Chapter 1 introduces the need for a satellite to house the MAPS instrument. The problem definition identifies the scope, boundaries, and relevant elements of the problem. Students at Virginia Tech modify an existing nanosatellite design, HokieSat, to fit the needs of the MAPS instrument. The following chapters outline the components pre-existing to HokieSat, and the detailed modifications made to each subsystem to arrive at a host satellite design.
Chapter 2 presents the VASCAT configuration and subsystem components. The configuration and the subsystem components are based on the HokieSat design. This chapter defines the subsystem designs and presents the analyses leading up to these designs. The satellite subsystems include the structure, the attitude determination and control system, the power system, the thermal system and the communications system.
The configuration of this satellite is based on an existing satellite design. HokieSat is a hexagonal nanosatellite with a major diameter of 18 inches and a height of 13.725 inches. It draws power from body-mounted solar cells covering approximately 80% of each side. HokieSat uses an electric propulsion system whose thrusters protrude from four sides of the structure. The HokieSat bus is made of a 6061-T6 aluminum alloy cut into an isogrid pattern. All eight sides are 0.23” thick isogrid. The six side panels are composite isogrid-skin. The 0.02” skin is bonded to the isogrid to form a 0.25” total thickness. All internal components are mounted to the interior of the six side panels and the two end panels. The external communications components are mounted to the exterior of the two end panels. Figure 2 and Figure 3 illustrate this configuration.8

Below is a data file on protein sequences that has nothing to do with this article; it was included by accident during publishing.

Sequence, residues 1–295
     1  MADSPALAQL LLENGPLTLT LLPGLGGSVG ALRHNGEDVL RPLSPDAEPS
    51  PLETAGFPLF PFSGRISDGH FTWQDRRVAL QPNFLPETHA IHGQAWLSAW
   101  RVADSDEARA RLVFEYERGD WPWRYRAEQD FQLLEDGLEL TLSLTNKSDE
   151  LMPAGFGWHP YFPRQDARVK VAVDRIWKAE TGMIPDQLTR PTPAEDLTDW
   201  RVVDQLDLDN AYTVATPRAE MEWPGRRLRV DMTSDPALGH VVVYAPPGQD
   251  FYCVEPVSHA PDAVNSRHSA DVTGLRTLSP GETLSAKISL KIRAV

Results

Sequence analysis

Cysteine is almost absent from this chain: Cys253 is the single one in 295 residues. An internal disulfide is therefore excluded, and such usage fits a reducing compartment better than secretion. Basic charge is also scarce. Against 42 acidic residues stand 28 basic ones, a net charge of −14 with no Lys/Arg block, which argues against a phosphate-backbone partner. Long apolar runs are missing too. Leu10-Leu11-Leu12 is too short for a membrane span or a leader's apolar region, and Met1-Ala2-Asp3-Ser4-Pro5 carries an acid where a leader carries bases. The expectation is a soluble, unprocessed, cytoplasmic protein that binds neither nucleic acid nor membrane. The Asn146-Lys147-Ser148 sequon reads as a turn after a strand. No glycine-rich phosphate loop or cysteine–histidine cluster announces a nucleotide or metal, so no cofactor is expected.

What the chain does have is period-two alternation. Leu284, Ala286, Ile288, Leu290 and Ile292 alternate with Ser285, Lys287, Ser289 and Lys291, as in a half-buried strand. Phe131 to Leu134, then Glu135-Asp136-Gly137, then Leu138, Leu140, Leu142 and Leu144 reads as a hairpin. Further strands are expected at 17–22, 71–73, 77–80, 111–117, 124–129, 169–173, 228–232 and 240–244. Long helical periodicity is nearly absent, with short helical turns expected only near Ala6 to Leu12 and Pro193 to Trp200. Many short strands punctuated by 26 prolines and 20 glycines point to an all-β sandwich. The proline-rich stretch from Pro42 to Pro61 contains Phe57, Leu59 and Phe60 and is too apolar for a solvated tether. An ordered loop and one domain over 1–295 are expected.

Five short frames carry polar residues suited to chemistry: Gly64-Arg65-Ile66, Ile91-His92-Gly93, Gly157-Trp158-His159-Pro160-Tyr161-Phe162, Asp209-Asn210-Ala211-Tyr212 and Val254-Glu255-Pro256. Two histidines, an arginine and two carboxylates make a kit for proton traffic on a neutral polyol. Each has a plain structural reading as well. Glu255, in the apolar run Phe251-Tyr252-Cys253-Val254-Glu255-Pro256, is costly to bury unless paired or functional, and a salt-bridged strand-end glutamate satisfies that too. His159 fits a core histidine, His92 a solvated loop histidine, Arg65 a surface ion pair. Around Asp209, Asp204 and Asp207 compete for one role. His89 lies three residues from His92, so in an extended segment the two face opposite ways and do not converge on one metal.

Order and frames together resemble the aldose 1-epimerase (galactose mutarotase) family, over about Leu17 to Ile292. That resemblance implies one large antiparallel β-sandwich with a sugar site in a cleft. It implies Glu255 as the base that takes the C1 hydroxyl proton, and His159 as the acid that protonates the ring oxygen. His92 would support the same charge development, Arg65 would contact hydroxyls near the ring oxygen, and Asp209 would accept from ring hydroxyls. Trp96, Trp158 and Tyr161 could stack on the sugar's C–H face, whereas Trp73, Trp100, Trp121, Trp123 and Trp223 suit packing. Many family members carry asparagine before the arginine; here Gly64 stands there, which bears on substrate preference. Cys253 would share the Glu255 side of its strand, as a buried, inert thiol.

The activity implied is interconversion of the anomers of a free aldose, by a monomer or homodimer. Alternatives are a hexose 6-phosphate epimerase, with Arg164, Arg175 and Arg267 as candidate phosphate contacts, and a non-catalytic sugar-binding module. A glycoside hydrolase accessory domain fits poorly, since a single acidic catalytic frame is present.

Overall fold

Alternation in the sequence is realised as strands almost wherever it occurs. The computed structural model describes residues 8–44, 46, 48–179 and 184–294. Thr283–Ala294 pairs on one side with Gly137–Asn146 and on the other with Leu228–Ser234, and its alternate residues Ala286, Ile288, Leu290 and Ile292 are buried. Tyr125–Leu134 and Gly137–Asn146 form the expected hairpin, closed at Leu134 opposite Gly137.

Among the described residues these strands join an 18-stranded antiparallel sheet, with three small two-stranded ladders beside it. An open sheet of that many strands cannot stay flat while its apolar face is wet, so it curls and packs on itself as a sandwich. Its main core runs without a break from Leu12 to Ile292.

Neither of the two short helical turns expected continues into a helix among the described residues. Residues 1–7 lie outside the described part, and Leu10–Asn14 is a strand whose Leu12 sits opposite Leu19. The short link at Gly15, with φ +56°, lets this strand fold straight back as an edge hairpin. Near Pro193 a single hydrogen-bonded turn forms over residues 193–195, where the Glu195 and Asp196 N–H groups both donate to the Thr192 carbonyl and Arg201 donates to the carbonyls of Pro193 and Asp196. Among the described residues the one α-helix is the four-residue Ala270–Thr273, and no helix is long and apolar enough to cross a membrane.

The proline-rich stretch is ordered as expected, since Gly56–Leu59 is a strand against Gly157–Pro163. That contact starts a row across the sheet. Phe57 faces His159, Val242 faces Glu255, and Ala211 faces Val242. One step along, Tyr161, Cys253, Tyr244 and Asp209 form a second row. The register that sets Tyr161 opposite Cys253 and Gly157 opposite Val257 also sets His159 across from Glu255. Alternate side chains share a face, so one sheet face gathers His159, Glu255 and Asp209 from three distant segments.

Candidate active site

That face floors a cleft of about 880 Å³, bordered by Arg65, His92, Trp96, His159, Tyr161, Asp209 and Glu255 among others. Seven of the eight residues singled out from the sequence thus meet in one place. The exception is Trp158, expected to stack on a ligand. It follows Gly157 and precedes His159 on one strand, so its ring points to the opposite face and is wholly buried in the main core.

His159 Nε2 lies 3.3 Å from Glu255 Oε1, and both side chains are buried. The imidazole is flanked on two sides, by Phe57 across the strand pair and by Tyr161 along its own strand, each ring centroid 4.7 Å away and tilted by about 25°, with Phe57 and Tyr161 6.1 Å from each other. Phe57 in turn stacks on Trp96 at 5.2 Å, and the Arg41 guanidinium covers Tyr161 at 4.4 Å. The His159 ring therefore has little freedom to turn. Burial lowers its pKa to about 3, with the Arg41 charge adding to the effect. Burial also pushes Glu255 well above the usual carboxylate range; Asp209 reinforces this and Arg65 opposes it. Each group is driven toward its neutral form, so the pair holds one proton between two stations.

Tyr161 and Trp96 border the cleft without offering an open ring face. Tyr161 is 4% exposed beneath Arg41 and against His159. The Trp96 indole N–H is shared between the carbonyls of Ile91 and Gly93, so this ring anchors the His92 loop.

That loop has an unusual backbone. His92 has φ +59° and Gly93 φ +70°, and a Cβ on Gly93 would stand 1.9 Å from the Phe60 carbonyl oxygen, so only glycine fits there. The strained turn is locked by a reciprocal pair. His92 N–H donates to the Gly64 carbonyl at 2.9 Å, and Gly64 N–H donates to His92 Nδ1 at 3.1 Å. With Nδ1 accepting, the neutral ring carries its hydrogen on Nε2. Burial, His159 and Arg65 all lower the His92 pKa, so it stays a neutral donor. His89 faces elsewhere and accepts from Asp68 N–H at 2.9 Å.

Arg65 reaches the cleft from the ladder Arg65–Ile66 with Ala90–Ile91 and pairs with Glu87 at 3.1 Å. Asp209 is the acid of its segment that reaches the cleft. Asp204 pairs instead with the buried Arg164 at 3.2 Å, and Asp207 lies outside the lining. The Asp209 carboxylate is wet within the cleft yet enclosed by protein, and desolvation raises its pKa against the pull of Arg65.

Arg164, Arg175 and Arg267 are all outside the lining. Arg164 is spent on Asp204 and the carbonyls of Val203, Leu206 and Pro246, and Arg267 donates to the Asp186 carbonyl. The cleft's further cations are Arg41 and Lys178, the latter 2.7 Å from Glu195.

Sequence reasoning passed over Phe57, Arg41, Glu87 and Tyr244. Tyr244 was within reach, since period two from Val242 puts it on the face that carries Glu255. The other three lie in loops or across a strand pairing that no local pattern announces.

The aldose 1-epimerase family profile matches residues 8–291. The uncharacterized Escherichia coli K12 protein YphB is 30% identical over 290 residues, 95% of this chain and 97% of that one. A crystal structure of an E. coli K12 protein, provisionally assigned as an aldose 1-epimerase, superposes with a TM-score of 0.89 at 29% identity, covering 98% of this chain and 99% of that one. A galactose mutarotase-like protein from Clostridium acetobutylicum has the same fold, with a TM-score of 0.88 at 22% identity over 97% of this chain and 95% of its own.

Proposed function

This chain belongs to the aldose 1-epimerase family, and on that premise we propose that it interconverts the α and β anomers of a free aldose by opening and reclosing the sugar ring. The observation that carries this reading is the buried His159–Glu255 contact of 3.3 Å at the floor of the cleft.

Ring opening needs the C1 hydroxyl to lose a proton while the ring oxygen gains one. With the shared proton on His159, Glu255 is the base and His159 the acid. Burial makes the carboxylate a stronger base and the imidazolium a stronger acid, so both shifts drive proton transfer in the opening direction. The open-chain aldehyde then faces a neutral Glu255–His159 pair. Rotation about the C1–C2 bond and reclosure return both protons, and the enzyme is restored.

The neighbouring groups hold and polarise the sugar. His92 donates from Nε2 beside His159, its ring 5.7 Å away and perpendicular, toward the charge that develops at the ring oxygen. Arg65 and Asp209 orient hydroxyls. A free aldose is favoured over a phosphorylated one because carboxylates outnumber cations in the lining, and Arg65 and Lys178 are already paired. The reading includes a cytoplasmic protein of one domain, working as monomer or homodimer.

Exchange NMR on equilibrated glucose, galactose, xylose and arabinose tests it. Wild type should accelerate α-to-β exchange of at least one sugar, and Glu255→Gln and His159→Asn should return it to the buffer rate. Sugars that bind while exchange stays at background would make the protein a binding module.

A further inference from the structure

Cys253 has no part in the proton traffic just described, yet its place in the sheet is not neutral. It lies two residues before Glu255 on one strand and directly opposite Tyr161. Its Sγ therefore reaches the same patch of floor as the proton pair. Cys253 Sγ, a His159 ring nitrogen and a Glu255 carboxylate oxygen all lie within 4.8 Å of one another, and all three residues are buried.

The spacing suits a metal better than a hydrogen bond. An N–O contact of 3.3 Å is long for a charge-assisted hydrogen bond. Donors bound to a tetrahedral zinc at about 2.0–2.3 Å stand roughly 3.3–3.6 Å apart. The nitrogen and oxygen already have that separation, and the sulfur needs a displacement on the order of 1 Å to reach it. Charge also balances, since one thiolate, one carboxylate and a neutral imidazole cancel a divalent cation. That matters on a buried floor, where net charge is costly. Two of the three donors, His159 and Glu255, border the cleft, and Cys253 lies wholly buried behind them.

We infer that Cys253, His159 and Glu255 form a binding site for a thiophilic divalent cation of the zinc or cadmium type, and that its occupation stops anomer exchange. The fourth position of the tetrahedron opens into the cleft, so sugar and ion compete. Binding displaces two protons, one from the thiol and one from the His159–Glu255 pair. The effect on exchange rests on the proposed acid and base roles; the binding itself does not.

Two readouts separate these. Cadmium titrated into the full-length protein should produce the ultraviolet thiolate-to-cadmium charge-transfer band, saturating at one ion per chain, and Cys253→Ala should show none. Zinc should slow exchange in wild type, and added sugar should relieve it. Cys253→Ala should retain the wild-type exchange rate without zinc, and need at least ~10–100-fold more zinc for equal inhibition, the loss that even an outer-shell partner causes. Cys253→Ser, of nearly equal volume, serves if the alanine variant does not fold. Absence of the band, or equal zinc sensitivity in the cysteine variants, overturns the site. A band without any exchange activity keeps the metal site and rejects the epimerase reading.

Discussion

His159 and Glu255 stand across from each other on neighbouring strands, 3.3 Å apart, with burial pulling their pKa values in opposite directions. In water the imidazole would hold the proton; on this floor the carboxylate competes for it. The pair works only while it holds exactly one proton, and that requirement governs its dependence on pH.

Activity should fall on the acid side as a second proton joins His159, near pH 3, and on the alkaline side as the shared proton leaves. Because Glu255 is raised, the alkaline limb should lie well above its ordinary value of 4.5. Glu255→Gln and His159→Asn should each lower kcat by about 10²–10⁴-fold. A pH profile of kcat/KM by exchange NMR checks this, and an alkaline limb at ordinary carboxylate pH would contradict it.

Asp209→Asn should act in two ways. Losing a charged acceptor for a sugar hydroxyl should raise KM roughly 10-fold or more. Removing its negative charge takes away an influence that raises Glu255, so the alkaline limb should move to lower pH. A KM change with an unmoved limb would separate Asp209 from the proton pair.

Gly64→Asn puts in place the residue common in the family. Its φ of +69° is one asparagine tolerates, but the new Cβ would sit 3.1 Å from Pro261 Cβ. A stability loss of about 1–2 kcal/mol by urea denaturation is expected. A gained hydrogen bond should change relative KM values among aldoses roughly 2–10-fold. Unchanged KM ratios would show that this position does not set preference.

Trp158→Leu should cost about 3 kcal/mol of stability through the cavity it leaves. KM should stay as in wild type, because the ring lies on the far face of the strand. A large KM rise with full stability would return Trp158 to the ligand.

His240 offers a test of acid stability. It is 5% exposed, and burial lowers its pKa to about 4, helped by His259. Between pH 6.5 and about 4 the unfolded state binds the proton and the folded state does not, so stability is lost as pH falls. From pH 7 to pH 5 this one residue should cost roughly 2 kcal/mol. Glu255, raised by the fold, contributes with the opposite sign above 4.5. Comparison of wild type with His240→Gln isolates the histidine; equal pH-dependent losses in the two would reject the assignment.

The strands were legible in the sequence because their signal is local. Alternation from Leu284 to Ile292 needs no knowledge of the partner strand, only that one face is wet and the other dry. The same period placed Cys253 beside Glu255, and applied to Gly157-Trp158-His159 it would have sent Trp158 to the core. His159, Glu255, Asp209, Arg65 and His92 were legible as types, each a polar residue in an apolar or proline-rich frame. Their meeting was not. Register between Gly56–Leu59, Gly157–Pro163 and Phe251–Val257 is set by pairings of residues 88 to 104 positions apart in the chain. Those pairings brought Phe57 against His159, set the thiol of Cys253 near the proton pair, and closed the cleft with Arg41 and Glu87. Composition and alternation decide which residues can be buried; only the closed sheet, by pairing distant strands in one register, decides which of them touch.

The Virginia Satellite for Carbon-monoxide Analysis and Tabulation (VASCAT) is larger than HokieSat to accommodate added science instruments. Similarities between the two satellites’ components include the electronics box, the battery box, most communications equipment, and the magnetometer. This new satellite also houses the MAPS instrument, a digital camera, and some additional ADCS components. The VASCAT satellite does not require a propulsion system, as does HokieSat. The structure of the VASCAT deviates substantially from that of HokieSat. These detailed variations of all subsystems are discussed in the following sections.
Using knowledge of configuration and component properties, a mass budget is created to approximate the mass allocated for the structure. Table 3 is a breakdown of each subsystem’s mass. The sum of the masses of all components must be lower than the mass limit of the chosen launch vehicle. The subsystem masses are taken from component specifications and the structure mass is taken from mass properties calculations done in AutoCAD™.